In this week’s Republican address, Arizona Sen. John McCain calls for greater care for America’s veterans, referencing recent allegations of neglect at a number of Veterans Administration medical centers across the country.
McCain was Tuesday’s KVML “Newsmaker of the Day”. Here are his words:
“Hi, I’m Senator John McCain.
Next weekend, we will observe another Memorial Day. Americans will greet the holiday as the unofficial beginning of summer – and a good day, weather permitting, for picnics and all manner of outdoor recreation. Meanwhile, in cemeteries all over the country, a bugler will sound Taps to remind us of the sacrifices the day is intended to commemorate.
Since our nation’s founding, Americans have been fighting in faraway places to make this dangerous world safer for the rest of us.
They have been brave. They’ve sacrificed and suffered. They bear wounds and mourn losses they will never completely recover from – and we can never fully compensate them for. But we can care for the injuries they suffered on our behalf, and for their physical and emotional recovery from the battles they fought to protect us.
Decent care for our veterans is among the most solemn obligations a nation incurs, and we will be judged by God and history by how well we discharge ours.
That’s why I’m so deeply troubled by the recent allegations of gross mismanagement, fraud and neglect at a growing number of Veterans Administration medical centers across the country.
It’s been more than a month since allegations that some 40 veterans died while waiting for care at the Phoenix VA were first made public. To date, the Obama Administration has failed to respond in an effective manner. This has created in our veterans’ community a crisis of confidence toward the VA – the very agency that was established to care for them.
At a town hall forum I hosted in Phoenix last week, the families of four veterans who passed away in recent months stood before a crowded room to tell their stories.
With tears in their eyes, they described how their loved ones suffered because they were not provided the care they needed and deserved. They recalled countless unanswered phone calls and ignored messages, endless wait times, mountains of bureaucratic red tape while their loved ones suffered debilitating and ultimately fatal conditions.
Hundreds, if not thousands, of veterans have been made to suffer more or even passed away as a result of egregious mismanagement and scheduling delays at the VA. No one should be treated this way in a country as great as ours. But treating those to whom we owe the most so callously – so ungratefully – is unconscionable, and we should all be ashamed.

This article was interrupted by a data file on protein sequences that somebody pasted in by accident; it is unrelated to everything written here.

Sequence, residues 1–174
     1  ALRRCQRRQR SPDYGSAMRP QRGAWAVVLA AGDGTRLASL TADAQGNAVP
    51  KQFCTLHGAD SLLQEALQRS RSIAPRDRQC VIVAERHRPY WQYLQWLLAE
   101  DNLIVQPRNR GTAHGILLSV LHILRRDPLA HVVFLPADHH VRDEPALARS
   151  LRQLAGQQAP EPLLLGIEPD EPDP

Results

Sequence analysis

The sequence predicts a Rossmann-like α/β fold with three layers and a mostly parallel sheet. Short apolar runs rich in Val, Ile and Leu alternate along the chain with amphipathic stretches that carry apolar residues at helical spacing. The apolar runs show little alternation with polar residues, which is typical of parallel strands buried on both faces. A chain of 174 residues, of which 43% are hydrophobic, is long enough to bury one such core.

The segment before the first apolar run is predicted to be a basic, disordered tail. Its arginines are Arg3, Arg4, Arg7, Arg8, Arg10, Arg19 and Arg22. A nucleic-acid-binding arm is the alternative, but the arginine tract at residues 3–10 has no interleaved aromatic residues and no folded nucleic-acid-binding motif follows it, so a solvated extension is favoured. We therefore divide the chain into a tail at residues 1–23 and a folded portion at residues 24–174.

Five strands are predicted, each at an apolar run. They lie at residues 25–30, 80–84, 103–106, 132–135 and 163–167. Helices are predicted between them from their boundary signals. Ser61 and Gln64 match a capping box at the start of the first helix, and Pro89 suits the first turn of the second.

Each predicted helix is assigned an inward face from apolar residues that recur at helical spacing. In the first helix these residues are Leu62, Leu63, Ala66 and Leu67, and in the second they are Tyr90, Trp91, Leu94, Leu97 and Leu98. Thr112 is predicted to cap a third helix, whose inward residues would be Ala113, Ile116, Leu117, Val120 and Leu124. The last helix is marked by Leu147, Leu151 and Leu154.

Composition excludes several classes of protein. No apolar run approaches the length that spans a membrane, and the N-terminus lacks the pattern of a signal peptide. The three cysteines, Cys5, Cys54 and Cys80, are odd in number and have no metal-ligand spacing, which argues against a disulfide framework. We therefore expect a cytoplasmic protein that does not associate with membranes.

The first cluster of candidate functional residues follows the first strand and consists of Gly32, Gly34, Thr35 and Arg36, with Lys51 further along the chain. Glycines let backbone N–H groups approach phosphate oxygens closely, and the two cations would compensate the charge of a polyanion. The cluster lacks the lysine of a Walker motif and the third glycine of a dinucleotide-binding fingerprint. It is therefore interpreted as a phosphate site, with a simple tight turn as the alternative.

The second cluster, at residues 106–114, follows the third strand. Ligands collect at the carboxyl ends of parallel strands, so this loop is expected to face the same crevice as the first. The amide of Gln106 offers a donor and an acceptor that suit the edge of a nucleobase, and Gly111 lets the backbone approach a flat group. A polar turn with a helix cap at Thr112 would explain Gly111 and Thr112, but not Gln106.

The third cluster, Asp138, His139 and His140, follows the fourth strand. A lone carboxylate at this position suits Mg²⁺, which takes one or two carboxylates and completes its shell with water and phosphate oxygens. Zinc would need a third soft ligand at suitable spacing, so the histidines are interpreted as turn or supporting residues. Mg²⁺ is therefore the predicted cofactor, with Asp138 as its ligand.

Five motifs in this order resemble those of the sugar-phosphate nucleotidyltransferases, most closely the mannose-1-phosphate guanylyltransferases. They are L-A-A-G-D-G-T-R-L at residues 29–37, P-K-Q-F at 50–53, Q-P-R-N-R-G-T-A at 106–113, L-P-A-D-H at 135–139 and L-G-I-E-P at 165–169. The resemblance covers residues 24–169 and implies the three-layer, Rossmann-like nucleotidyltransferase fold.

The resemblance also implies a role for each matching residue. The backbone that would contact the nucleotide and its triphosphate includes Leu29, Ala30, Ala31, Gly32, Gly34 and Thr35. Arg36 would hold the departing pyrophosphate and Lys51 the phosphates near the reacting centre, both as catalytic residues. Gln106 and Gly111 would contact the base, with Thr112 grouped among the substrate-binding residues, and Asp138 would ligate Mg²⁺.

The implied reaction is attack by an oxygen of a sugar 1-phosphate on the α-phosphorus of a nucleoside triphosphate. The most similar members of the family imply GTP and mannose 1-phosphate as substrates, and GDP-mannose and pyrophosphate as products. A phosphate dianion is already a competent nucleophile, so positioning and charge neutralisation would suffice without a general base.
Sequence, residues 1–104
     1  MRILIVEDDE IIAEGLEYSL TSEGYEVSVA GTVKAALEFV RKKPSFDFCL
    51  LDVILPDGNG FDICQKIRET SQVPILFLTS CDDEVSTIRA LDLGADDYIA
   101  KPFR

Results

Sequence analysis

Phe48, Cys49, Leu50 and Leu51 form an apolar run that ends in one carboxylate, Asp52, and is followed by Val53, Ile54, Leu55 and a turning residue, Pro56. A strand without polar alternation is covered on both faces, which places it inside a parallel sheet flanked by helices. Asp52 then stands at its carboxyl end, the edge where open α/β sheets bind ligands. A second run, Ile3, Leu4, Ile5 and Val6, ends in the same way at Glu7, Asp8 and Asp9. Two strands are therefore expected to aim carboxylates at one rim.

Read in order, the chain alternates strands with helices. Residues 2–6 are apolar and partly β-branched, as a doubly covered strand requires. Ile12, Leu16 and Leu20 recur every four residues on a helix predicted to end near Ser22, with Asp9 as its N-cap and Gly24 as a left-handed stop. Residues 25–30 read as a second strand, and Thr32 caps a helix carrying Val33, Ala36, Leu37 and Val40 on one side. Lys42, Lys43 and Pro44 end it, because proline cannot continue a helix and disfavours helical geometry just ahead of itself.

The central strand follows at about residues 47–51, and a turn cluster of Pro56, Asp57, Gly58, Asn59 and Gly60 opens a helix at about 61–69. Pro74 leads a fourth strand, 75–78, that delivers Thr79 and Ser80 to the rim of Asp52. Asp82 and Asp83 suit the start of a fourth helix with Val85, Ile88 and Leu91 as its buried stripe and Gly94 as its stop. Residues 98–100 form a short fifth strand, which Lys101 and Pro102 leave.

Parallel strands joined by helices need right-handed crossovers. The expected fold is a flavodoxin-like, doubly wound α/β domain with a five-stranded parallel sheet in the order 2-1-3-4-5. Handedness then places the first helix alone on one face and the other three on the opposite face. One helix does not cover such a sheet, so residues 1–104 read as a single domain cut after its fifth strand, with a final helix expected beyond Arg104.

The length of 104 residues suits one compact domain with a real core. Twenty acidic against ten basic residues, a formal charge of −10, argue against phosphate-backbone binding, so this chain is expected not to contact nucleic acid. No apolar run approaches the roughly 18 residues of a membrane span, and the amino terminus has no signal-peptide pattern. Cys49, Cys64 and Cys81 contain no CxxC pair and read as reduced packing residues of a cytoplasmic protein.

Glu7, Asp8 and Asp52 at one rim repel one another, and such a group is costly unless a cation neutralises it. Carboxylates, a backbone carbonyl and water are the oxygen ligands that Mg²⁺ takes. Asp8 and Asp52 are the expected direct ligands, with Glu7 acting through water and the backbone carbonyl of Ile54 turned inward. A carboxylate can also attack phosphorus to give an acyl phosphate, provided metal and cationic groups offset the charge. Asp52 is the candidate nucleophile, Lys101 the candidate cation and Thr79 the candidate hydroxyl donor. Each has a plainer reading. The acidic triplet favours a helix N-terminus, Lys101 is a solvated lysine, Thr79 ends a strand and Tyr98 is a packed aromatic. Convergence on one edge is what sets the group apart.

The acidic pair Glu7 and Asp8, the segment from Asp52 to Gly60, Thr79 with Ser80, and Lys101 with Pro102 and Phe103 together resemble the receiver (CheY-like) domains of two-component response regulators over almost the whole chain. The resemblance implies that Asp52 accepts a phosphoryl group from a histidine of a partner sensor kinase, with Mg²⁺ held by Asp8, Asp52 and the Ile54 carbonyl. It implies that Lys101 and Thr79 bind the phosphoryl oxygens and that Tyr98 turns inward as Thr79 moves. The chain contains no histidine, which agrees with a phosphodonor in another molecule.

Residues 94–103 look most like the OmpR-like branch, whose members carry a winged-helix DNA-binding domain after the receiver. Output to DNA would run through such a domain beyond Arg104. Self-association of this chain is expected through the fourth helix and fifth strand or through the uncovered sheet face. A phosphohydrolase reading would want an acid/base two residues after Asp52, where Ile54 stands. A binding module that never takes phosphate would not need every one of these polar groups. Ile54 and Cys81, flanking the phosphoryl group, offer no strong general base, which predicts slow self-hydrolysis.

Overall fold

The allegations of veterans dying while waiting for care, and of ‘secret wait-lists’ used to conceal how long veterans are actually waiting for appointments, were first made in my home state of Arizona in recent months. Since those initial reports, however, the scandal has gone nationwide, as similar allegations have come to light involving VA clinics and hospitals across America.
Just last week, a VA health coordinator in Wyoming was found to have orchestrated a scheme to hide delays in care, admitting in an internal email, ‘it is gaming the system a bit.’ In Georgia, three suicides were linked to pervasive mismanagement of the VA hospital’s mental health unit.
Altogether, similar reports of lengthy waiting lists and other issues have surfaced recently in at least 10 states.
VA Secretary Shinseki has ordered a nationwide audit to look at the management practices at VA Medical Centers; several employees have been placed on administrative leave; and the VA Office of Inspector General is investigating the Phoenix VA.
I respect the important role of the Inspector General, but my fellow veterans can’t wait the many months it may take to issue its report. They need answers, accountability and leadership from this Administration and Congress now.
Clearly, the VA is suffering from a systemic, cultural problem that Congress cannot resolve with piecemeal responses. What’s needed is a total refocusing of the VA on its core mission of serving veterans – stretching from its top political leadership all the way through to its career civil servants who, as recent reports suggest, may have been too often motivated by all the wrong incentives and rewards.
Congress must also give VA administrators greater ability to hire and fire those charged with caring for our veterans. Most importantly, we must give veterans greater flexibility in how they get quality care in a timely manner.
Veterans have earned the right to choose where and when they get their medical care. And it is our responsibility to ensure that they are afforded this option.
Our veterans gave us their best. But it’s obvious that too often they’ve gotten the worst from those charged with their care. Our country doesn’t depend on the heroism of every citizen. But we must be worthy of the sacrifices that are made on our behalf. How we care for those who risked everything for us is the most important test of a nation’s character. Today, we are failing that test. We must do better tomorrow – much better.
For the 9 million American veterans enrolled in the VA today, and for the families whose tragic stories we heard last week in Phoenix, who I know are still grieving their losses, it’s time we live up to Abraham Lincoln’s injunction, which serves as the VA’s motto today, ‘to care for him who shall have borne the battle and for his widow, and his orphan.’
So that on some future Memorial Day, as we celebrate the beginning of summer and the comforts of life in a safe and successful country, we need not bow our heads in shame, but only in gratitude for the sacrifice made to keep it so.
The “Newsmaker of the Day” is heard every weekday morning on AM 1450 KVML at 6:45, 7:45 and 8:45am.